Denver Seitan Company: One year later

Owners discussing the finer points of nutritional yeast.

Owners discussing the finer points of nutritional yeast.

One year and one day ago (September 11, 2011), this company was more-or-less founded upon some serious ideals: deliciousness, quality, and beards. It’s been an amazing year. Thank you all so much for eating. Don’t ever stop.

Seriously, if you stop eating you will straight up die.

Here’s a shot from the archives of the owners discussing the finer points of nutritional yeast.

Shut down by the Health Department

denver seitan - mark and timYou may have noticed that we’ve been a little quiet lately. Perhaps too quiet… We were absent from Neat Market on Sunday, and we haven’t been filling orders or taking new clients. We’re not avoiding you – trust us. Here’s what happened:

The legal and regulatory framework surrounding small, craft producers of vegan goods was only somewhat known to us as we embarked upon this adventure. Piece by piece, we were adding in the protections necessary to keep the company running and keep our products safe for all of you to enjoy. But we didn’t work fast enough. Our seitan was confiscated by the Health Department as part of an embargo. This is why you haven’t seen our stuff at Marquis Pizza or the Vegan Van recently. It’s also why we’ve gone dark as of late. We wanted to be able to tell the whole story and have solid answers for you all at once.

After working closely with numerous agencies and filing loads of applications, we’ve gotten the “You can sell to humans again – your products aren’t likely to kill them.” certification from Denver and the State. In the end, it was a matter of us not following the rules properly and DEFINITELY NOT a matter of making dangerous wheat treats. This is good news! We’ve got to change around our labeling a bit to get in compliance, but other than that we’re a straight-up real company, yo.
Expect some sweeping changes to our product line, packaging, and penetration into the Denver community. You’ve stuck with us this long – help us explode into the next era of wheat meat-fueled glory and conquest. We look forward to feeding you.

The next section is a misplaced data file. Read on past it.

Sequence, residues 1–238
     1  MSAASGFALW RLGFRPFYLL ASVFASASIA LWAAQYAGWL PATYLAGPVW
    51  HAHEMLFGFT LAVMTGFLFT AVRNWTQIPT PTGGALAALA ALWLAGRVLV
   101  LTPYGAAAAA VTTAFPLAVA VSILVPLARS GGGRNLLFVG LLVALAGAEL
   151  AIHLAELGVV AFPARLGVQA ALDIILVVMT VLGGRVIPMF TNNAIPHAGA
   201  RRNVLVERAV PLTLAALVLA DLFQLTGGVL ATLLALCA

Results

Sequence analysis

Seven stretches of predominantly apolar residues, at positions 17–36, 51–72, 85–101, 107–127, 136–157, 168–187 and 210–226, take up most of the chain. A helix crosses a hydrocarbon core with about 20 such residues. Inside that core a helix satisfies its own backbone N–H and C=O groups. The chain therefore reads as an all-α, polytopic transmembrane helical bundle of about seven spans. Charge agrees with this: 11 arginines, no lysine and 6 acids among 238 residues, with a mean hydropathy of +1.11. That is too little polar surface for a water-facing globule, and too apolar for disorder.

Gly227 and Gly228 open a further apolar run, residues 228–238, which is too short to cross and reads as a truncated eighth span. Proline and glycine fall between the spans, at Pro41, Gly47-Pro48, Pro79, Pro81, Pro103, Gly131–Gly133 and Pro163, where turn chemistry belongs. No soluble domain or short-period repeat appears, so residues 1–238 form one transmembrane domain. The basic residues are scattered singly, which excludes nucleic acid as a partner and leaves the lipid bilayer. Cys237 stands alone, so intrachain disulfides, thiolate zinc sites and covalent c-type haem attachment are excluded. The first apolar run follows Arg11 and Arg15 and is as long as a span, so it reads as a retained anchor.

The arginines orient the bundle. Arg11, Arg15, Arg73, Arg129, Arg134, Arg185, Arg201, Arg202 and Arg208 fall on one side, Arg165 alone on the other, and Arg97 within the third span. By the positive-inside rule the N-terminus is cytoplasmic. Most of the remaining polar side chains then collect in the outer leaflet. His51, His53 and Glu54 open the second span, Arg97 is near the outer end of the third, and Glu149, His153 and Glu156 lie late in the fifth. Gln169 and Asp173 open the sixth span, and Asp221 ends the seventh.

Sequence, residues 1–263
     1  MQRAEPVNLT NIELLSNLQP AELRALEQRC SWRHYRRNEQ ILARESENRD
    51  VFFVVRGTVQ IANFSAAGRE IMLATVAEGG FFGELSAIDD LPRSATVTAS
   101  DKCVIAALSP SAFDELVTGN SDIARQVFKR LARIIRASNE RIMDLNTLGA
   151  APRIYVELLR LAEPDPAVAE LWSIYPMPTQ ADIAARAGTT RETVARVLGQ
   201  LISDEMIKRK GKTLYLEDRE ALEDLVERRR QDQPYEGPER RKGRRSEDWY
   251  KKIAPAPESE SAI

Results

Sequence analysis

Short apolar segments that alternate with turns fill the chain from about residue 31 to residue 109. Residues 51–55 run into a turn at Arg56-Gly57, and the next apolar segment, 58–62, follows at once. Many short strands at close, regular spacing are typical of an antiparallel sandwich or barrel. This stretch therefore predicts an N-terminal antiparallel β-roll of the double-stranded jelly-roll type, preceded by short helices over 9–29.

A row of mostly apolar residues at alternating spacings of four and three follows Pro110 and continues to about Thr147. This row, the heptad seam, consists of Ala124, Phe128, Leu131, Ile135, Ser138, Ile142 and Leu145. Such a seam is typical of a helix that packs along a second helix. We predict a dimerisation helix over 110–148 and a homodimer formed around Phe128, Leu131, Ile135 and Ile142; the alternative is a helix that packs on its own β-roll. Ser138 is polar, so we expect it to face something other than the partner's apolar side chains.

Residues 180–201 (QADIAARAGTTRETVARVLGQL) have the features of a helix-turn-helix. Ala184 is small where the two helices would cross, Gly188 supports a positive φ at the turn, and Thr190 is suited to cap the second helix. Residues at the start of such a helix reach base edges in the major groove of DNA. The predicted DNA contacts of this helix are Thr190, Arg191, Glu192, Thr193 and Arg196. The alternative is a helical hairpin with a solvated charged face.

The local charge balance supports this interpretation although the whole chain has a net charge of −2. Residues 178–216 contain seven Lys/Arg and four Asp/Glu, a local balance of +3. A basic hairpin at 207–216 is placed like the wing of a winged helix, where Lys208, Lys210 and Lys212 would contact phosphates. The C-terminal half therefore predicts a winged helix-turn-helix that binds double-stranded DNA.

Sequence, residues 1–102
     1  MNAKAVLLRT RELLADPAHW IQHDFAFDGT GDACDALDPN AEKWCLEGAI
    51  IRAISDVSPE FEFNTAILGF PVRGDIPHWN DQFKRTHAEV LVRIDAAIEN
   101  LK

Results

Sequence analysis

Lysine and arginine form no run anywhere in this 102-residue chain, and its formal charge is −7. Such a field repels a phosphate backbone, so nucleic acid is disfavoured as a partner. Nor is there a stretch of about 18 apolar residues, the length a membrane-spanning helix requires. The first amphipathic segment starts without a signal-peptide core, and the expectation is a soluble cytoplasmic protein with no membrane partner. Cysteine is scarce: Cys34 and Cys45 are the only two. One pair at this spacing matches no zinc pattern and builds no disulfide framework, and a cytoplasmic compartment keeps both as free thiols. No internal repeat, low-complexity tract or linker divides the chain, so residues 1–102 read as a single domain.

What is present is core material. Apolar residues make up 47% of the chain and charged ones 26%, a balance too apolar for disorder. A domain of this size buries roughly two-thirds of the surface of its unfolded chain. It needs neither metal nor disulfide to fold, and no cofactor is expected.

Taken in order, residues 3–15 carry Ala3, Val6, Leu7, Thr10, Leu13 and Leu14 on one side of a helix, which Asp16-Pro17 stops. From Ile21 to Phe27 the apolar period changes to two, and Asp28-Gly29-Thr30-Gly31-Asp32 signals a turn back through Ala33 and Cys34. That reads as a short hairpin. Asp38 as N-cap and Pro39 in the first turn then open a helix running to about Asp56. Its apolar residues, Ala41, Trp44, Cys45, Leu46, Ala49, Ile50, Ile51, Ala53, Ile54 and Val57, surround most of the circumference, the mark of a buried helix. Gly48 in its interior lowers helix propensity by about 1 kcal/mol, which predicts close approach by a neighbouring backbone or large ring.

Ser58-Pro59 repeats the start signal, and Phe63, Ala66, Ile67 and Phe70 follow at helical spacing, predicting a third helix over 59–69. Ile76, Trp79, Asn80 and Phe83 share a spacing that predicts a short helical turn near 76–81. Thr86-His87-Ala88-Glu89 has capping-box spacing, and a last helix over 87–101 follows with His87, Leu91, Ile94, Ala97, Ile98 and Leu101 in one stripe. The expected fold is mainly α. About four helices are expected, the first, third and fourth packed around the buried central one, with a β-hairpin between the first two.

– The Denver Seitan Dudes

P.S. Please share this newsletter widely on Facebook and Twitter - we want our legions prepared and hungry when the time comes. Also, follow us on Instagram (denverseitan) -where we’ll be posting all kinds of interesting and behind-the-scenes shots. Also, we love you.

The Story of Denver Seitan Company

A vegan animal activist (Josh), a flexitarian small-batch coffee roaster (Mark), and a raw veggie humanitarian (Tim) went out to hike Mt. Elbert, the highest peak in all of Colorado. The 14,440 ft. mountain had always intrigued the trio, who often dreamed of lofty things and ever loftier ideals – like quality, justice, and fun times. As these manly men, who were also in touch with their feminine sides, reached the summit, they realized that they were alone, and also surrounded by odd clouds.

“Where are the other climbers?” pondered Josh.

“Yeah, guys, this is really weird.” stated Tim, nervously.

Just then Mark, who has very sharp eyes, pointed to an opening in the clouds. “Guys, look! An opening in the clouds!”

The trio walked anxiously toward the opening. More clouds moved away, and what was formerly the summit of Mt. Elbert revealed an even taller peak behind it! Mark, Tim, and Josh, seeking adventures beyond their wildest dreams, climbed higher.

GPS devices failed, boots fell apart, and rations (no animal products) ran low, but the team advanced, fighting through vicious hailstorms and snowfall and angry goats to reach the True Peak of Mt. Elbert. The journey took many minutes.

As the trio emerged to a sunny and warm rock field at the previously hidden summit, they beheld a small Chinese man (of course) meditating (of course) intently (of course) upon three small wrapped packages at his feet.

“You have come a long way to be with me this day, my friends.” said the wizened old bastard.

Josh, Mark, and Tim approached the old man cautiously and took up seated positions in front of him.

“Do you seek to unlock the ancient secrets of seitan?” the man asked.

“Say what?” questioned Mark.

“Thousands of years ago, empires rose and fell upon the fortunes of their wheat meat. Seitan is the logical conclusion to all things. You three have been chosen to reveal its existence to the world. Take the packages in front of you and return to the human world. Change the diets of Americans for the better while at the same time providing an artisanal food at a not-quite-artisanal pricepoint.” And with that, the old man vanished.

Tim, Josh, and Mark each unopened one of the mysterious packages. They were, indeed, filled with delicious, hearty wheat gluten in a variety of flavors. Josh, who speaks Chinese, read the ancient recipes and their names: “Chickenesque – comforting like the soup of the same name on a cold day. SmokySpicy – with a kick and long-lasting flavor. Sicilian – Classic Italian flavors with a kidney bean twist.”

The trio embraced and jumped into the air at the same time while each taking a big bite of seitan, which was super-tasty. Bright light exploded behind them and they paused in mid-air like some kinda movie.

They ran back down the mountain as fast as they could to bring the gift of delicious, artisan seitan to the people of the world.

And thus was born the Denver Seitan Company.

Note: This story inspired by a fever dream that Tim’s little brother had a decade ago.

How we build a seitan recipe and release it to the wild

Creating a seitan recipe is a dangerous process, if by “dangerous” I mean fascinating and aggravating at the same time. Whether it’s seitan cutlets, seitan bacon, or seitan wings, there are a few simple steps that determine what ends up in our active roster. Here’s how it generally goes: